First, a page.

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May 17, 1995

The Academic Health Care SystemPreserving the Missions as the Paradigm Shifts

Author Affiliations

From the Department of Medicine, University of California, San Francisco School of Medicine.

JAMA. 1995;273(19):1549-1552. doi:10.1001/jama.1995.03520430085053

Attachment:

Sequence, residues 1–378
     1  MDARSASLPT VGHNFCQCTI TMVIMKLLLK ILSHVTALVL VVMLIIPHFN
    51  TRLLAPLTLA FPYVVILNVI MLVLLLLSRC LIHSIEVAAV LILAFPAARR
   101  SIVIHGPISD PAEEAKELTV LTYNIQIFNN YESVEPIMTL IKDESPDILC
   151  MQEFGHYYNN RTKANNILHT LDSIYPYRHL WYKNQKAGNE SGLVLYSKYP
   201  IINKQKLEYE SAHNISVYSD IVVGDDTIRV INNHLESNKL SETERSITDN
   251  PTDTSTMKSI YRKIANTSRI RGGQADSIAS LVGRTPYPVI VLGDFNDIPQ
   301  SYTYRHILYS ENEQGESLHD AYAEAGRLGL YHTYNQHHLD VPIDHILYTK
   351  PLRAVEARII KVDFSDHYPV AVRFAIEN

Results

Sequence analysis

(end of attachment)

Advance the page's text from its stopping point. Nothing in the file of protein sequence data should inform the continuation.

BALTIMORE & OHIO; Atchison, Topeka, and Santa Fe. Whether the source of reference is the Monopoly board or an old western movie, nearly everyone recognizes these railroad giants of a bygone era. For more than 50 years, railroads dominated industrial America and built many fortunes. Then, by the mid 20th century, the trucking industry captured most freight transportation and the airline industry revolutionized passenger travel. The railroads, whose capital and expertise should have been ideal for developing new forms of transportation, instead made a fundamental error: they thought they were in the railroad business when they should have been in the transportation business. Railroads competed against each other for an ever-shrinking portion of the transportation dollar, while new companies emerged to move cargo and people more quickly and less expensively. If the railroad companies had diversified from trains to trucks and airplanes, their integrated transportation systems would have rewritten US

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